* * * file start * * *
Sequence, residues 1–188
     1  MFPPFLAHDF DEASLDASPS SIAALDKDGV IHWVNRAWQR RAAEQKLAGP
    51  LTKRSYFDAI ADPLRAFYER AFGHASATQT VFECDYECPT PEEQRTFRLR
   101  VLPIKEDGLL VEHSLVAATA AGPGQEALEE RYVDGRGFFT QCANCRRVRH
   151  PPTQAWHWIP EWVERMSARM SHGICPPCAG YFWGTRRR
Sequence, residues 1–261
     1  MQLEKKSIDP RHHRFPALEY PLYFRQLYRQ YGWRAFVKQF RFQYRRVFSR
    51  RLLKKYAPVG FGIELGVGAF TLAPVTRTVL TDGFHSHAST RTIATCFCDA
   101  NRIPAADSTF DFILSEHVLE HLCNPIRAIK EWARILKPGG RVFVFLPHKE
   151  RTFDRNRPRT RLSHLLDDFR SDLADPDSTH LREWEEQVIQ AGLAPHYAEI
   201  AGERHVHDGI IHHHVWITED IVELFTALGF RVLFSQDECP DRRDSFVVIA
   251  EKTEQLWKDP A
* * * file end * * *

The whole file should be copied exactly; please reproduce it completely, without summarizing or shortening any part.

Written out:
Sequence, residues 1–188
     1  MFPPFLAHDF DEASLDASPS SIAALDKDGV IHWVNRAWQR RAAEQKLAGP
    51  LTKRSYFDAI ADPLRAFYER AFGHASATQT VFECDYECPT PEEQRTFRLR
   101  VLPIKEDGLL VEHSLVAATA AGPGQEALEE RYVDGRGFFT QCANCRRVRH
   151  PPTQAWHWIP EWVERMSARM SHGICPPCAG YFWGTRRR
Sequence, residues 1–261
     1  MQLEKKSIDP RHHRFPALEY PLYFRQLYRQ YGWRAFVKQF RFQYRRVFSR
    51  RLLKKYAPVG FGIELGVGAF TLAPVTRTVL TDGFHSHAST RTIATCFCDA
   101  NRIPAADSTF DFILSEHVLE HLCNPIRAIK EWARILKPGG RVFVFLPHKE
   151  RTFDRNRPRT RLSHLLDDFR SDLADPDSTH LREWEEQVIQ AGLAPHYAEI
   201  AGERHVHDGI IHHHVWITED IVELFTALGF RVLFSQDECP DRRDSFVVIA
   251  EKTEQLWKDP A